• Recovery of antibiotics from groundwater and manure -- Sulfamethazine, chlortetracycline and tylosin are among the antibiotics administered routinely to cattle and swine to prevent disease and promote growth. A method was successfully developed to recover 70-90% of residues of these three veterinary antibiotics from groundwater under controlled conditions. The method was adapted to recover the same three compounds from control samples of raw and composted cattle manure, but the recovery rate was slightly lower, at 50-70%.

3.2.8 Effects of Substances of Key Interest

  • Long-term effects of antidepressants in fathead minnows -- To correct a complete lack of data on the long-term effects of antidepressants or mixtures of anti-depressants in fish, fathead minnows (Pimephales promelas) were exposed for a life cycle to concentrations of venlafaxine (a selective serotonin uptake inhibitor) in municipal wastewater effluents. They were also exposed to a mixture of the top five selective serotonin uptake inhibitors at levels found in Ontario municipal wastewaters and at 10 times the actual levels. Larval fish growth was good and no significant effects on survival were seen. There were significant differences in egg production. Preliminary trials suggest an increase in aggression.

  • Effects of pharmaceuticals and municipal wastewater effluents on aquatic microbial community structure, diversity and function -- In the final year of a survey that began in 2005-2006, 14 pharmaceutical products were found to always be present in Wascana Creek, Saskatchewan, independent of season or flow conditions. Research focused on the effects of selected anti-inflammatory drugs (ibuprofen, gemfibrozil, acetaminophen, salycylic acid, naproxen and diclofenac, and mixtures of these) typically found in municipal wastewater effluents, on aquatic microbial community structure, diversity and function. A wide range of results was obtained. Results from the microbial community from the eutrophic (excessive nutrients) Wascana Creek system differed from those from the oligotrophic (very low levels of nutrients) South Saskatchewan River. Results also varied according to the drug or drug mixture, and the organism or class of organisms tested. Primary bacterial production on Wascana Creek just below the effluent outlet of the Regina sewage treatment plant was three times less than that at an upstream site, and its ratio to upstream bacterial production was <1 to 1.26. Other detailed analyses are being conducted to identify cumulative effects and interactions.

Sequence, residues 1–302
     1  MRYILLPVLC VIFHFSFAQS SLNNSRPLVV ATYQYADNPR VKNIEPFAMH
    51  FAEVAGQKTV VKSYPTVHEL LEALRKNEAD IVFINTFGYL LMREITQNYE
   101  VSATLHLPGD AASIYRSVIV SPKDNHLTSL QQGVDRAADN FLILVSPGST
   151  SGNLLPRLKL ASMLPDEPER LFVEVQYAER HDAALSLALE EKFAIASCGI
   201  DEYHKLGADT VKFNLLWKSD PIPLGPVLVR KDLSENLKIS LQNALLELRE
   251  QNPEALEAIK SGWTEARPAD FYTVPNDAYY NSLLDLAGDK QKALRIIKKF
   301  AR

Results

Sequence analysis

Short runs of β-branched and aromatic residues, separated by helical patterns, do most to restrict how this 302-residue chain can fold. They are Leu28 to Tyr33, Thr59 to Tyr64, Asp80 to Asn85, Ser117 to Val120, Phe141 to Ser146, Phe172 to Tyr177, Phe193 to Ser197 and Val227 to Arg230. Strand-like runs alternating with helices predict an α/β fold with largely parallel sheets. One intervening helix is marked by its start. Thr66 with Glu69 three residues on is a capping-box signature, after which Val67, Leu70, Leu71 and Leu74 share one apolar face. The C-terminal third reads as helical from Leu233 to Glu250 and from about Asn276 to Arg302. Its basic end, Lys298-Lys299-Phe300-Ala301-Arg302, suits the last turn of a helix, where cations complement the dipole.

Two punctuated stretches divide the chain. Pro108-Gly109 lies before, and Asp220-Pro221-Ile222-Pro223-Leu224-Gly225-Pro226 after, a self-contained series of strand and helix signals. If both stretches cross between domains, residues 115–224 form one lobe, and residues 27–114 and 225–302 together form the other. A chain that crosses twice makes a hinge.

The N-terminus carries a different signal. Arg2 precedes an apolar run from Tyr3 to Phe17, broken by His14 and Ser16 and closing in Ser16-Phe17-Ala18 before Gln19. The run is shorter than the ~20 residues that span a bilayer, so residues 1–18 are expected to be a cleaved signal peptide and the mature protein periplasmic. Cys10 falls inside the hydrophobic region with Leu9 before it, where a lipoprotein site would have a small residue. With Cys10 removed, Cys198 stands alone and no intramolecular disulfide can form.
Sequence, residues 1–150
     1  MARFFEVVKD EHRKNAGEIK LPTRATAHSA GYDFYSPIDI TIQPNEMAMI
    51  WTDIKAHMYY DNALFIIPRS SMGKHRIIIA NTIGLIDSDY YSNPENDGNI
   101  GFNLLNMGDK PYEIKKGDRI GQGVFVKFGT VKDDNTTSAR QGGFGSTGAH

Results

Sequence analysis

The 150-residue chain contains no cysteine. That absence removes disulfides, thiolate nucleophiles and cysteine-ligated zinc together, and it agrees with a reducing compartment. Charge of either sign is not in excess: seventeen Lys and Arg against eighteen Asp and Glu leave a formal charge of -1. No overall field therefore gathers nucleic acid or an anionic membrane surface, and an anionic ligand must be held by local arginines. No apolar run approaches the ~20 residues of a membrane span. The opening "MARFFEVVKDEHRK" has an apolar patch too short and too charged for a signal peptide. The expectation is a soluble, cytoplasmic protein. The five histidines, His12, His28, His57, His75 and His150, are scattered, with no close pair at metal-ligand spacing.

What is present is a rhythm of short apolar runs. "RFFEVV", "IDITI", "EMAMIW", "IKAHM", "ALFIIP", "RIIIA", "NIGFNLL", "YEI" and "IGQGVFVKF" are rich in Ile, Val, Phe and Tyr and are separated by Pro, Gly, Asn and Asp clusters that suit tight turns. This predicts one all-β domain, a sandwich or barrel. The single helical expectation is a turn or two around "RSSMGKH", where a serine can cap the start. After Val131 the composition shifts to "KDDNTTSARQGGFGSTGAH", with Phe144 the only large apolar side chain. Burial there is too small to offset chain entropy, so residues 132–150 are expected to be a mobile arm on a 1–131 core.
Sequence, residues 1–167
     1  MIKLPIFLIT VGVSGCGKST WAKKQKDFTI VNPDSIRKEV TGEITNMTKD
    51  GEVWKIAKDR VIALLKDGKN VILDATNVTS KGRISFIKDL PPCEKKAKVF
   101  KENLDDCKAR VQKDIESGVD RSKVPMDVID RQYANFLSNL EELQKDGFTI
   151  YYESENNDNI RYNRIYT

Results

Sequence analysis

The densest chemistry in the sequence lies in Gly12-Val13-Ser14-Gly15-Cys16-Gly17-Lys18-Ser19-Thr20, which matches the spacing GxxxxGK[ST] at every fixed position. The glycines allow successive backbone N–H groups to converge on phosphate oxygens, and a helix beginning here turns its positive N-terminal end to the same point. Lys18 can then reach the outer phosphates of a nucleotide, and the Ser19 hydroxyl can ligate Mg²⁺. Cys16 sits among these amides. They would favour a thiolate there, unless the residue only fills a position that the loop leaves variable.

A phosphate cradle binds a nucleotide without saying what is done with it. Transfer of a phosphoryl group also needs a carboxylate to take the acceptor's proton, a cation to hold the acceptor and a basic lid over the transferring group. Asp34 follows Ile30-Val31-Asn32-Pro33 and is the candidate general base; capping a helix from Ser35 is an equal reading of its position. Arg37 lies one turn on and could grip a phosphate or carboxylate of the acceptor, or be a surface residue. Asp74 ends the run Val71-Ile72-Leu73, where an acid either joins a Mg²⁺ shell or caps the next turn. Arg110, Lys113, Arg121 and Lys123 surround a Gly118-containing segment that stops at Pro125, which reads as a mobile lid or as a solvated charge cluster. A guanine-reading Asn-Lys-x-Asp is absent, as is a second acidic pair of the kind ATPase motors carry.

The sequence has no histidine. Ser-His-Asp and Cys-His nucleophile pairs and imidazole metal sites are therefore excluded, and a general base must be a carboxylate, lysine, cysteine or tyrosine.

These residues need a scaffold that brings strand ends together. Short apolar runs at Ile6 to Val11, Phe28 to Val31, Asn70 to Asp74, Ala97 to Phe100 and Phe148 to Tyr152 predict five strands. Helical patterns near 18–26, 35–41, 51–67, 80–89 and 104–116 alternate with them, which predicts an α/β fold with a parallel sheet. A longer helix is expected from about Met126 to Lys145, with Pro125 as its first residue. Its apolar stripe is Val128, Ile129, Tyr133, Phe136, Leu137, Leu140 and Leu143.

• Effects of municipal wastewater effluents on resident fish populations -- Several fish from a variety of locations were collected during the third year of this study: fathead minnows (Pimephales promelas) and brook stickleback (Cultaea inconstans) from Wascana Creek, Saskatchewan, both upstream and downstream of the Regina sewage treatment plant; and feral greenside (Etheostoma blennioides) and rainbow (Etheostoma caeruleum) darters in the Grand River, Ontario, both upstream and downstream of the Kitchener and Waterloo wastewater plants. Both sexes of minnows were smaller downstream of the outlet and in poorer condition generally; the secondary sexual characteristics of exposed males were underdeveloped (this is the first time this has been demonstrated in wild fish populations in Canada); and exposed females had increased gonad size, higher testosterone levels and decreased estradiol steroid production capacity. Results for stickleback were inconclusive. In contrast, the downstream darters were longer and heavier, and in better condition than those collected upstream of the wastewater outlets. Assessments of the downstream fish communities showed improved abundance and diversity. These improvements are thought to be a response to nutrients in the wastewater plant effluent.